Maintenance:

Regular maintenance is critical for the health of your HVAC system. If you maintain your system and check it regularly, you’re likely to keep any of the above problems from happening in the first place. Stay on top of keeping it running before any issues arise.

No need to sacrifice your comfort. Be aware of the above problems and solutions to remain as warm or cool as you want to in the event of an HVAC mishap. For any of your air duct and HVAC cleaning needs, call SERVPRO of Canton at (330) 305-2650. We stand by our word, it’ll be “Like it never even happened.”

How Well Does Cleaning Mold From Carpet Work? Ask SERVPRO of Canton Ohio

5/28/2019 (Permalink)

Cleaning How Well Does Cleaning Mold From Carpet Work? Ask SERVPRO of Canton Ohio Cleaning carpet that already has a fungus growing on it can be challenging.

Cleaning carpet that already has a fungus growing on it can be challenging. This carpet damage came from water loss, or damage, sparks a bit of controversy. One factor to keep in mind is that unless mold is appropriately removed, the restoration contractor has failed in bringing the structure back to its preloss state. Without removing visible fungus colonies, a risk of sickness remains.


Let’s Set the Scene

Wonder Makers Environmental recently called their local Kalamazoo, MI SERVPRO, one of our sister franchises, to help in the cleanup of a building one of their clients own. Fungus had grown between their monthly checks, and at an impressive rate. A trail of clues led to the culprit: a malfunctioning water heater. Despite the checks, conditions suggested the water heater had been leaking for weeks. The question then becomes, how do you effectively restore the building, clean and dry the carpets, and remove the fungus that had grown exorbitantly? Getting rid of the fungus without the possibility of it spreading or returning, and not placing a health risk to anyone now or in the future due to the water damage is a job that SERVPRO takes seriously.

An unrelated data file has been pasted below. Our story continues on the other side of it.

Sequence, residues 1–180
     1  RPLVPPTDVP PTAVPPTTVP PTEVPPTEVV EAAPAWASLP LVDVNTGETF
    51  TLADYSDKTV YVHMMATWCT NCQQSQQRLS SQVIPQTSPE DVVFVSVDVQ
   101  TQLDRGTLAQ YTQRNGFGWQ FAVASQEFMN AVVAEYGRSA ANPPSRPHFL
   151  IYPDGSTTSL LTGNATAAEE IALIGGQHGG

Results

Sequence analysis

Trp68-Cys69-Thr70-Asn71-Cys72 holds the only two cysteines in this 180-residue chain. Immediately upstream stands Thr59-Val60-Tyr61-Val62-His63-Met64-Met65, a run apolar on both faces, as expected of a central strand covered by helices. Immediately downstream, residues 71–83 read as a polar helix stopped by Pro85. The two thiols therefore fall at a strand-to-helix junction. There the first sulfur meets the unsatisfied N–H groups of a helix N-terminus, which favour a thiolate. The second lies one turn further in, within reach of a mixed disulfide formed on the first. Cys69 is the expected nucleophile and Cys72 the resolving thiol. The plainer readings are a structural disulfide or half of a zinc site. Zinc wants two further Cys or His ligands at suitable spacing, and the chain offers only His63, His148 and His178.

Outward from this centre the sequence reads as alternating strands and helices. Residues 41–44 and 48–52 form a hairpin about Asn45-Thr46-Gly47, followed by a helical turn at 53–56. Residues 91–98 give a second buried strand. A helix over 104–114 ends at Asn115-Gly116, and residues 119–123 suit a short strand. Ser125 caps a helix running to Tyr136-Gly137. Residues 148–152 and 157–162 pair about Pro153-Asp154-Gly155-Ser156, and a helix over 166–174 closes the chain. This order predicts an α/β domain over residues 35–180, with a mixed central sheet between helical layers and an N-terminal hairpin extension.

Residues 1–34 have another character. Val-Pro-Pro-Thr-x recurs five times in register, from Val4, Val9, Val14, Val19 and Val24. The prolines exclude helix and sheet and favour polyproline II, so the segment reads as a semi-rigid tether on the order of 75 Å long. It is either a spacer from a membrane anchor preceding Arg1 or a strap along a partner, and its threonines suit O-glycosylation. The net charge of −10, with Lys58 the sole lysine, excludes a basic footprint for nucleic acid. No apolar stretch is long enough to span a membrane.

Delivering Results

Using a HEPA air scrubber, SERVPRO technicians were able to collect airborne spores that may be released by the hot water extraction process and to allow for air movement to speed up the drying of the carpet. After the workers completed their cleaning and restoration measures, Wonder Makers Environmental proceeded to run extensive testing on samples of carpet and air to determine the effectiveness of the remediation operation. The results were in: both air and surface samples were equally impressive. Spores per cubic feet were reduced from over 6,000 to less than 50. For more in-depth information, check out this article. Our work speaks for itself, even in a single case study.

As you can see, cleaning mold from carpet DOES work and can be quite effective if done properly and by professionals. Those of us at SERVPRO strive to help with any restorative actions you may seek. After experiencing water damage/loss, the last thing you need is to worry about the cleanup. Call SERVPRO of Canton at (330) 305-2650. Our job is to make it “Like it never even happened."

What To Do When A Flood Hits Canton, Ohio

5/23/2019 (Permalink)

Water Damage What To Do When A Flood Hits Canton, Ohio The aftermath of a flood can cost a pretty penny, it is a pretty common disaster that no one likes.

The aftermath of a flood can cost a pretty penny, it is a pretty common disaster that no one likes. Whether floods hit suddenly or more slowly, they can be dangerous and leave a mess in their wake. Don’t underestimate the power of flood waters.

Keep yourself and others safe by following some guidelines of what to do when a flood hits:

  1. Due Diligence: Check to see if you’re in a flood-prone area. Your local floodplain administrator should be able to help you determine this. Here is a list from the Ohio Dept. of Natural Resources, Division of Soil and Water Resources of the floodplain administrators in Ohio. Installing check valves or having sump pumps installed when necessary will help prevent backing up into sewer traps and homes. Also, ensuring you have comprehensive insurance that covers flood damage is a good idea.
  2. Proper Preparation: Plan and practice an evacuation route. Having this, disaster supplies, and a communication idea in place will help tremendously in the event of a flood. Be ready to use a radio or TV to stay up to date on the latest information on the storm (status, emergency level, and evacuation readiness). If you have an upstairs and the time to do so, move items of value and possessions you can to higher-ground. Filling the tub, sinks, and vessels with clean water will be beneficial if contamination occurs. Turn off utilities if requested to do so by authorities. Most importantly, never attempt to go through flood waters on foot or vehicle. A split second and two feet is all it takes to be swept away; the waters may be deceiving, as well. Listen closely to the updates and follow any instructions given.